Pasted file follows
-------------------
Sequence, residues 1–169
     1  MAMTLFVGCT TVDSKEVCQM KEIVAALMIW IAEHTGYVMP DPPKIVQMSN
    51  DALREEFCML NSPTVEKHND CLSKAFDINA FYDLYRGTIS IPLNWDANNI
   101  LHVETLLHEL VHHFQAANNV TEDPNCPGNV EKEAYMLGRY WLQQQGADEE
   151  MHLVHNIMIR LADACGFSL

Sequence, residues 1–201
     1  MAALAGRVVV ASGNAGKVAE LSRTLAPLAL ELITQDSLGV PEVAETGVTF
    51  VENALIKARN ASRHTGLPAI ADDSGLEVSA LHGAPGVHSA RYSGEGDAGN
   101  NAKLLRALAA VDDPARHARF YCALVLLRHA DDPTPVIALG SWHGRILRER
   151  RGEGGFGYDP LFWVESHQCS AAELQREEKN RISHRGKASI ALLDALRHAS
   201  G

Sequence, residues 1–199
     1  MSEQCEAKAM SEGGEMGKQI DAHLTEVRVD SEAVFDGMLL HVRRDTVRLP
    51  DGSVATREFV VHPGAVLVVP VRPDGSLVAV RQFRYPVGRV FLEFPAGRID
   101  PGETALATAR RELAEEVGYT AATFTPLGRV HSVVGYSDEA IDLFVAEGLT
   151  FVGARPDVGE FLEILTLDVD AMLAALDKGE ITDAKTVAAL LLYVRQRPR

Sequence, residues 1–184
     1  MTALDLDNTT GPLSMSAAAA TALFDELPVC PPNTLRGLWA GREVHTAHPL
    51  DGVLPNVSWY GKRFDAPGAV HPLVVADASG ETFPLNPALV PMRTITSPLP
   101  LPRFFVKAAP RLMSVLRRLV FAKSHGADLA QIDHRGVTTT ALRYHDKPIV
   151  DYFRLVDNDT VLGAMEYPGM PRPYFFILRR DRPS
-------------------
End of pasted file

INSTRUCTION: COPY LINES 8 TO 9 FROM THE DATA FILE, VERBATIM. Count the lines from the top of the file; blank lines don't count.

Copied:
    51  VENALIKARN ASRHTGLPAI ADDSGLEVSA LHGAPGVHSA RYSGEGDAGN
   101  NAKLLRALAA VDDPARHARF YCALVLLRHA DDPTPVIALG SWHGRILRER